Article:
Outspoken atheist Professor Richard Dawkins is to warn children of the dangers in believing "anti-scientific" fairytales such as Harry Potter.
Prof Dawkins will write a book aimed at youngsters where he will discuss whether stories like the successful JK Rowling series have a "pernicious" effect on children.
The 67-year-old, who recently resigned from his position at Oxford University, says he intends to look at the effects of "bringing children up to believe in spells and wizards".
'I think it is anti-scientific – whether that has a pernicious effect, I don't know,' he told More4 News.
'Looking back to my own childhood, the fact that so many of the stories I read allowed the possibility of frogs turning into princes, whether that has a sort of insidious affect on rationality, I'm not sure. Perhaps it's something for research.'
The Conventional Folly article linked to above says:
If Dawkins isn’t careful, he’s going to end up founding the atheist equivalent of the Parent’s Television Council, where scores of underpaid twenty-somethings scour the airwaves 24-7, tallying up on their scorecaards the number of times David Caruso flashes an ass cheek or Peter Griffin says “bitch”, “ass”, or “suck”—except instead of doing that, Dawkins and his lot will be tabulating references to fairy godmothers, magic beans, and such.
That's a bit of a leap. The book hasn't even been published yet (it may not even be written yet), and the article says nothing about an intent to censor.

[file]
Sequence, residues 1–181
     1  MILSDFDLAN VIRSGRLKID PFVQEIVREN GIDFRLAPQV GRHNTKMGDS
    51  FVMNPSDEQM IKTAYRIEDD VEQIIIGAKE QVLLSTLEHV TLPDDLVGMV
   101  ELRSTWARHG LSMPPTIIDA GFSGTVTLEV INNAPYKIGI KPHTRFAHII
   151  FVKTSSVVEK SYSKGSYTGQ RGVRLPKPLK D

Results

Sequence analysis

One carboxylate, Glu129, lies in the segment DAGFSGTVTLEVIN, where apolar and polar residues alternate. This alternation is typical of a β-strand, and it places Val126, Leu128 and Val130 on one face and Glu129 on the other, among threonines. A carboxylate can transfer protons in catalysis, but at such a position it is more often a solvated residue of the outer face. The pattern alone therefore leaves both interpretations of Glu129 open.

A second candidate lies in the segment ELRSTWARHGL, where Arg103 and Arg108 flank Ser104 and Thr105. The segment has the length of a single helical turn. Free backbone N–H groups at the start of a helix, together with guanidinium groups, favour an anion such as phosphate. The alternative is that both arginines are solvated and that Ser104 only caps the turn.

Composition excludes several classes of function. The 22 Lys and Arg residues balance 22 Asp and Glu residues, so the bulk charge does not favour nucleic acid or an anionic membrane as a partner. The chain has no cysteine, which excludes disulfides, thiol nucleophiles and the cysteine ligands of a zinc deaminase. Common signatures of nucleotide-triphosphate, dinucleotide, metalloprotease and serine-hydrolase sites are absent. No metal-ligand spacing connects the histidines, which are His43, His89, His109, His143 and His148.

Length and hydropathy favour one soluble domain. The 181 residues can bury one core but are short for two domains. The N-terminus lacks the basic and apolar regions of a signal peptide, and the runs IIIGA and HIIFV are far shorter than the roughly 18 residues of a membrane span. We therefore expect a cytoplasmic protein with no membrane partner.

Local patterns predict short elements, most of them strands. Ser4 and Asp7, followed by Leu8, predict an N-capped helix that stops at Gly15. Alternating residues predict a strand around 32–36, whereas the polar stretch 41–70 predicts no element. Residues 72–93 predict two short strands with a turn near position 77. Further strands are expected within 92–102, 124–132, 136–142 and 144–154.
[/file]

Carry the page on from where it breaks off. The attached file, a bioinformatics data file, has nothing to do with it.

I think it is an interesting question, the extent to which consumptions of particular types of media, such as those with more fantastical elements, effects later academic performance. My guess is that it depends a great deal on context, i.e. the way in which the stories are presented. If fantastical books are read to children before they can read themselves, and it's made clear that "it's just a story, and none of it is real," then that might make a difference from a situation where children are encouraged to take stories seriously.
I honestly don't know. It would also be interesting to survey avid readers of fantasy and compare their beliefs in the supernatural. I've read a fair amount of fantasy myself. I enjoyed the Oz books while growing up, read Piers Anthony, and am still waiting for the next Song of Fire and Ice book to come out. And I'm a pretty hardcore rationalist.
Einstein famously said that imagination is more important than knowledge. I think fantasy is not only healthy, but desirable, in fostering children to constantly stretch their imagination and ask "what if" questions, to posit alternative worlds where the rules are different. The key element is the extent to which they treat fantasy as hypothetical or whether they take it somewhat seriously.
And if even they did, and studies bore out some kind of negative effect of reading fantasy on college entrance exams (which I doubt), I'm pretty sure Dawkins would not be in favor of censoring such material, but in informing parents so they can make choices about what and how to present material to children.